It was 6:15 Sunday morning when I picked up Sammy, an old grade school buddy, from the converted garage in which he lived behind my mom’s house. We were headed for Pacific Palisades, where a half-finished paint job awaited us. I had another job to start Monday morning, so I was trying to stay on schedule. Sammy? He was late with this month’s rent.
“Want some coffee?” With one hand I poured myself a cup from the thermos; with the other I steered my pick-up over the Pasadena streets still wet from last night’s rain. The dark skies over the mountains and surrounding areas looked foreboding.
Sammy shook his head. He didn’t look well, slumped down in the seat, his black, walrus mustache, two-day-old beard, and droopy, bloodshot eyes peeking out from the hood of his paint-splattered sweatshirt.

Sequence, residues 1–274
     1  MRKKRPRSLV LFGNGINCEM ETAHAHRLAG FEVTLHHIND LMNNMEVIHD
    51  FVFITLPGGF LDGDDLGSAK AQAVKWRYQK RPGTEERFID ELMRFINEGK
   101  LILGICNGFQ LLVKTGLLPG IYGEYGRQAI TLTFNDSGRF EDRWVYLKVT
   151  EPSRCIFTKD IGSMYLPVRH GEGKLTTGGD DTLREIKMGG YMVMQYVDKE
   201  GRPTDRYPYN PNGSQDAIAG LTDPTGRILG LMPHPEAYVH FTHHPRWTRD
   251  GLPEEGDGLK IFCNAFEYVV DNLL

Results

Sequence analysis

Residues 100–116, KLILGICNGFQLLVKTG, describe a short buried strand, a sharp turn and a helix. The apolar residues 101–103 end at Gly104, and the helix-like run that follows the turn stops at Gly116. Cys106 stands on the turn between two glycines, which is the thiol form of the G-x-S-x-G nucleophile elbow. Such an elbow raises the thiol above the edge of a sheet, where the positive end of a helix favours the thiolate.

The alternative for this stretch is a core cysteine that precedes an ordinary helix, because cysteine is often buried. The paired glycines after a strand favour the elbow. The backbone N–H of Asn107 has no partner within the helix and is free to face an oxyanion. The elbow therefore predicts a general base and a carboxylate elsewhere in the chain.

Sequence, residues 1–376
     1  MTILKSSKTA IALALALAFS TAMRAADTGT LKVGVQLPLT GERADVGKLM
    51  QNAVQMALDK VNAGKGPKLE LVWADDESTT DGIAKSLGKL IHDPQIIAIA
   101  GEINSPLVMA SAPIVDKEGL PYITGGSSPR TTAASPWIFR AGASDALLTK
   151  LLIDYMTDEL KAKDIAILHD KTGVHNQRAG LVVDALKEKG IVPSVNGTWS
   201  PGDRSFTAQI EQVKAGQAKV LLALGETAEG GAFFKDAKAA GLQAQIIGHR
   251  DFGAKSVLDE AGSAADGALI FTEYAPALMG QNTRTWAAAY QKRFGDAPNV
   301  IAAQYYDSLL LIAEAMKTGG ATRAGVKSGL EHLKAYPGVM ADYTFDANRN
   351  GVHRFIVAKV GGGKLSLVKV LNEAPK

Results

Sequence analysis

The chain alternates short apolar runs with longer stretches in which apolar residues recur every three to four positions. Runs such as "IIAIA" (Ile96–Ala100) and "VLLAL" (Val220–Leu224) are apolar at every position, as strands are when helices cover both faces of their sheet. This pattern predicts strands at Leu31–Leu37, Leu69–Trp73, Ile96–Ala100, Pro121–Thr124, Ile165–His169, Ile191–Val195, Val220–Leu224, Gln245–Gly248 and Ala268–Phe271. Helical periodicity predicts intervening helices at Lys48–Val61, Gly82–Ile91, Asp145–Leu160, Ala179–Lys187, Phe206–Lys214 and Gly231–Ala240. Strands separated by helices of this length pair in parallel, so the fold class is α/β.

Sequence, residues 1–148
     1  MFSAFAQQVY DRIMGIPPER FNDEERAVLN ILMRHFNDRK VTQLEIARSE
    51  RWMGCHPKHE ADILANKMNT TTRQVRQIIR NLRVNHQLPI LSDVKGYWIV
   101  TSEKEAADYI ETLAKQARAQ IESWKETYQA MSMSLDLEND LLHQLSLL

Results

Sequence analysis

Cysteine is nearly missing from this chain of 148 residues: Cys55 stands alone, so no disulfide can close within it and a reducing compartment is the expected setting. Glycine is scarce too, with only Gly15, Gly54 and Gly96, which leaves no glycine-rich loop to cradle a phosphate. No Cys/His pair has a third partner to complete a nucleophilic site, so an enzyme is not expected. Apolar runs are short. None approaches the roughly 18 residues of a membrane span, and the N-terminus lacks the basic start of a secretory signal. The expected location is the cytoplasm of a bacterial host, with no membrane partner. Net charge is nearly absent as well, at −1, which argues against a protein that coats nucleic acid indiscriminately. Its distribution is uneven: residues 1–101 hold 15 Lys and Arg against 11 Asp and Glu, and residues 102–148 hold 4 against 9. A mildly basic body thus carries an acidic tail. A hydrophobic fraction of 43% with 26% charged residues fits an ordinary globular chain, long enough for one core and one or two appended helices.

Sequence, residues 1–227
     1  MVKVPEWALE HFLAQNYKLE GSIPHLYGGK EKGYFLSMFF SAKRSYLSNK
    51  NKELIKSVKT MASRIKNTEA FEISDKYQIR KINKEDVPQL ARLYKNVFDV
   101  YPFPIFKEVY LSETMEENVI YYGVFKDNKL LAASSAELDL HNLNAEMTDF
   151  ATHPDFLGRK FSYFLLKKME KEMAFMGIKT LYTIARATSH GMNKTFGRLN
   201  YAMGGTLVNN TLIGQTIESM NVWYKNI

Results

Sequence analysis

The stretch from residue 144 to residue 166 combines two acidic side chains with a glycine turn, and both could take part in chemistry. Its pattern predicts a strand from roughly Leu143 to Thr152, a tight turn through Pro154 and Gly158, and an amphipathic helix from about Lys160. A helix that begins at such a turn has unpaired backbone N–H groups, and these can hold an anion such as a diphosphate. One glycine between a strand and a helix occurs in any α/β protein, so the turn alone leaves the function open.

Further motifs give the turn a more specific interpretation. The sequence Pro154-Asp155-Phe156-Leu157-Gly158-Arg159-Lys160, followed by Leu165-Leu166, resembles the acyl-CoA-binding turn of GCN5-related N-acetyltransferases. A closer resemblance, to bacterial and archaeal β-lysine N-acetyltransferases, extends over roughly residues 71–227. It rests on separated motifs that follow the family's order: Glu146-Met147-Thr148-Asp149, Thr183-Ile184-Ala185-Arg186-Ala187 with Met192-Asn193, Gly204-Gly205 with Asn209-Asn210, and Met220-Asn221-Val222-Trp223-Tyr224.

“No.” He sniffed. “I god a co’d and I’m gonna miss the Raiders’ game. Why do you always hab to work on the weekends?” He rested his head back against the head rest.
“There’s aspirin in the glove compartment.”
I got on the 210 freeway and headed west to the 134. Even without traffic, we had a forty-five minute drive, so I was speeding a little, checking the rearview mirror for CHPs. “What’s the spread on today’s game?” I sipped the steamy coffee.
“Raiders plus six-and-a-hapf.” Sammy coughed. “Oh-h. My troad is killing me.”
I gave him a cough drop from the box in my jacket pocket. I was getting over a cold myself. “The Raiders stink. They won’t even beat the spread.” The rain-soaked sod of the Oakland/Alameda Coliseum would offer no home field advantage today.
“How much?” Sammy loved to gamble, even if he had no money.
We bumped knuckles, just as a camouflage-painted SUV sped by us on the left, doing about seventy-five. The four-wheel-drive Jeep Cherokee sprayed water from the wet concrete onto my windshield.
“Whad’s their rush?” Sammy complained.
I flipped on the wipers. On back of the Jeep, a bumper sticker read: “Army Reserve.”
“Weekend warriors. Formerly. Now probably headed for Iraq or Afghanistan. Bummer.”
Sammy took out a piece of toilet paper from the pocket of his overalls and blew his nose. “I god this from you, ya know.” He sat back and closed his heavy eyelids.